Women's March: celebrities lead anti-Trump rally

William began by asking what they hope to accomplish.

Despite organisers of the march not mentioning Donald Trump's name in their mission statement, they did say the march was meant to send a strong message to the new government that women's rights are human rights.

WASHINGTON, D.C. ― Across the country (and world) women and their allies answered President Donald Trump's inauguration with a decisive call to action.

Many demonstrators toted posters with a variety of slogans, such as "California Says "Hella" No" and "Yes We Still Can".

"We march today for the moral core of this nation, against which our new president is waging a war".

"Hopefully", said Peggy Quarles, a retired environmental consultant from Charlottesville, Virginia, "we all go home and are interested in keeping up the pressure on our local congressmen".

So, there are so many things. "That's identity politics. We're sending the message that we're all Americans". "It just upsets me to see us go backwards".

Under cloudy skies at the West Front of the US Capitol, Trump promised to stir a "new national pride" and protect the US from the "ravages" of countries he says have stolen US jobs. So, this is not a march against Trump. March participants began crowding parts of the Washington subway system, Metro, early on Saturday.

Is there something about his administration that you guys are particularly concerned about? "But it is. Misogyny and bigotry are global issues". "So we have to be louder than the racism and discrimination that came out of this election and show him that we are definitely a force". But despite indications from some event organizers last week that the demonstration was not defined as "anti-Trump", it was in every respect a march against the new president - taking place as he attended a National Prayer Service after waking up in the White House for the first time. A few Asian-Americans, Latinos and African-Americans were on hand to cheer Trump, but overwhelmingly they reflected his base, as did Barack Obama's at his swearing-in ceremony. Sarsour serves as executive director of the Arab American Association of NY, co-founder of Muslims for Ferguson, and a member of Justice League NYC. Need help? Email us. The lingering eye contact with total strangers of a dozen different races, an unspoken bond that we were united.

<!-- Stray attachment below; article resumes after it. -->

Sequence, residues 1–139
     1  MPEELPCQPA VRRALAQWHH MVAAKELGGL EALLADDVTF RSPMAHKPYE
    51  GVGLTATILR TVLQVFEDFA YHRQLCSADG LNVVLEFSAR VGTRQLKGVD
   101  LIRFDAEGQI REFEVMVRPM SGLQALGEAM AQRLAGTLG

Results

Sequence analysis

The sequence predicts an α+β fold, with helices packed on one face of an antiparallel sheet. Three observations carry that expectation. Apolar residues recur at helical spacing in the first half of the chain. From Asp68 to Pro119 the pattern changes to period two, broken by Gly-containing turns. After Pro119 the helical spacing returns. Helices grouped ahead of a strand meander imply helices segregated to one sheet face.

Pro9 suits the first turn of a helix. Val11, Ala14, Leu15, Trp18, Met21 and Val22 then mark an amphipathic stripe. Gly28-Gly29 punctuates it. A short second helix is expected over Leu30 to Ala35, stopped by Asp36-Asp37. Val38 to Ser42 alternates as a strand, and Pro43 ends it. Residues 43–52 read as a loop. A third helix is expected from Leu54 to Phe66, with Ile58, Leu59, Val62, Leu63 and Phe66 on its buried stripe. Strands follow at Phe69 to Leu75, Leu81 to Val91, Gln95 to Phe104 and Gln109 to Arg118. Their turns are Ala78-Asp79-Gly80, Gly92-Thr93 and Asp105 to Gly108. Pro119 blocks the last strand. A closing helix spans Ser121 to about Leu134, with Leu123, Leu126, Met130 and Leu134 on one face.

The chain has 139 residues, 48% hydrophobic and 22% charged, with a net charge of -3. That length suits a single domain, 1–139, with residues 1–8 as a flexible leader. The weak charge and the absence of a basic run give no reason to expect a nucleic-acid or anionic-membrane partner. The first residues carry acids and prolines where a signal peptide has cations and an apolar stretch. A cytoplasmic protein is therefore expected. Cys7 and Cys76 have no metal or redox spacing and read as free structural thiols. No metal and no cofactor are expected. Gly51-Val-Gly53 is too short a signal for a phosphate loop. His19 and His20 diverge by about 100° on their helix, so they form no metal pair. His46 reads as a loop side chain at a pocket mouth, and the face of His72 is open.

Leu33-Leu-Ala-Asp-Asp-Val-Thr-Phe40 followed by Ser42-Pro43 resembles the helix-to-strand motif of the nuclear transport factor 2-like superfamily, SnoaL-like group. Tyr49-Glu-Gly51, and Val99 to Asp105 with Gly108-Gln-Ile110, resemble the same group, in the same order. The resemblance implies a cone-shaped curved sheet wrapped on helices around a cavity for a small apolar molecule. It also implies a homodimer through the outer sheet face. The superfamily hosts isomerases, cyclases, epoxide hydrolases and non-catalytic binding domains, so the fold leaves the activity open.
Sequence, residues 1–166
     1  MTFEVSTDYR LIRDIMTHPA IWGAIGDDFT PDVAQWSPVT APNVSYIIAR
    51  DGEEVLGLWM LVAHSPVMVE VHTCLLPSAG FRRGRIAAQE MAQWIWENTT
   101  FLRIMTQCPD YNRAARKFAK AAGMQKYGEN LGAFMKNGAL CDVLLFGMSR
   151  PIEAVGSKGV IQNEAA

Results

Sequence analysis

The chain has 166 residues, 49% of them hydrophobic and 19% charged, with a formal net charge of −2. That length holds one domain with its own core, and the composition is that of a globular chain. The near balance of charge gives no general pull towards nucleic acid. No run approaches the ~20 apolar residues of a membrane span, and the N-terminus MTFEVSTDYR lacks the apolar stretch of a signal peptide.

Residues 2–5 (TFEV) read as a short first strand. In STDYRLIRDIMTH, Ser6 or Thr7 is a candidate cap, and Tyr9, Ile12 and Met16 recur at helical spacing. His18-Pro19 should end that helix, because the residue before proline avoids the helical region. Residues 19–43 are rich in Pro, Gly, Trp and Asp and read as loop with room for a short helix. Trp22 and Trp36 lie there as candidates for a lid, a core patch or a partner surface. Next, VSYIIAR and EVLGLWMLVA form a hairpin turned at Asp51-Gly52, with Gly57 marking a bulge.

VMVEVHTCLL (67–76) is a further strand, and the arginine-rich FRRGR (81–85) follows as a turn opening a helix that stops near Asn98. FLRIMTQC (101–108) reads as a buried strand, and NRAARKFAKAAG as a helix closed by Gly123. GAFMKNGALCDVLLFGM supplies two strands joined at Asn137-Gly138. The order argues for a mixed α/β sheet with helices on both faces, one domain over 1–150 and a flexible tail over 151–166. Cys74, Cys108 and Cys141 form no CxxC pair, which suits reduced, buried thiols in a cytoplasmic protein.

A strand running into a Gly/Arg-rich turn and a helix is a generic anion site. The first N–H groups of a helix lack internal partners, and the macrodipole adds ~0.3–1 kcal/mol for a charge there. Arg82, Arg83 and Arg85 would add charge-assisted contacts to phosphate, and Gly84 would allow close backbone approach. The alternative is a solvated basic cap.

WILLIAM BRANGHAM: It's hard to talk about these things. "I learned later that a guy had smashed out a window of a auto and tried to drive it into a crowd, so the National Guard kind of came in", Thiers said.

Some marchers are undoubtedly marching explicitly against President Trump, against a man who speaks about women as if they were pieces of meat, who seems a throwback to Mad Men days in his rating and groping of women.

CARMEN PEREZ: We welcome you.

The setup, right after the inauguration, was not adequate for most of the crowd to even hear speeches and performances on a stage. And that's why I have taken that role now.

Gandhi, Yasmin and Barua were joined by an estimated 500,000 women in downtown DC, who came equipped with megaphones, catchy chants and an array of witty, insightful and in some cases, heartbreaking signs. Supporters of Trump reportedly paid to have the president's name written in the air, prompting jeers from the crowd.

"President Trump, I did not vote for you".

They moved slowly through the streets, voicing support for women's and immigrant rights, Black Lives Matter, education and other causes.

"Tell me what democracy looks like".

Washington subway trains and platforms were packed with people.

BOB BLAND: For us, this impact will be something that reverberates across the country and across the world for quite a while. I'm so glad I marched. I think it's up to them to take their power and use it. In San Francisco, thousands formed a human chain on the Golden Gate Bridge and chanted "Love Trumps hate".

BOB BLAND: I think he will be tweeting.

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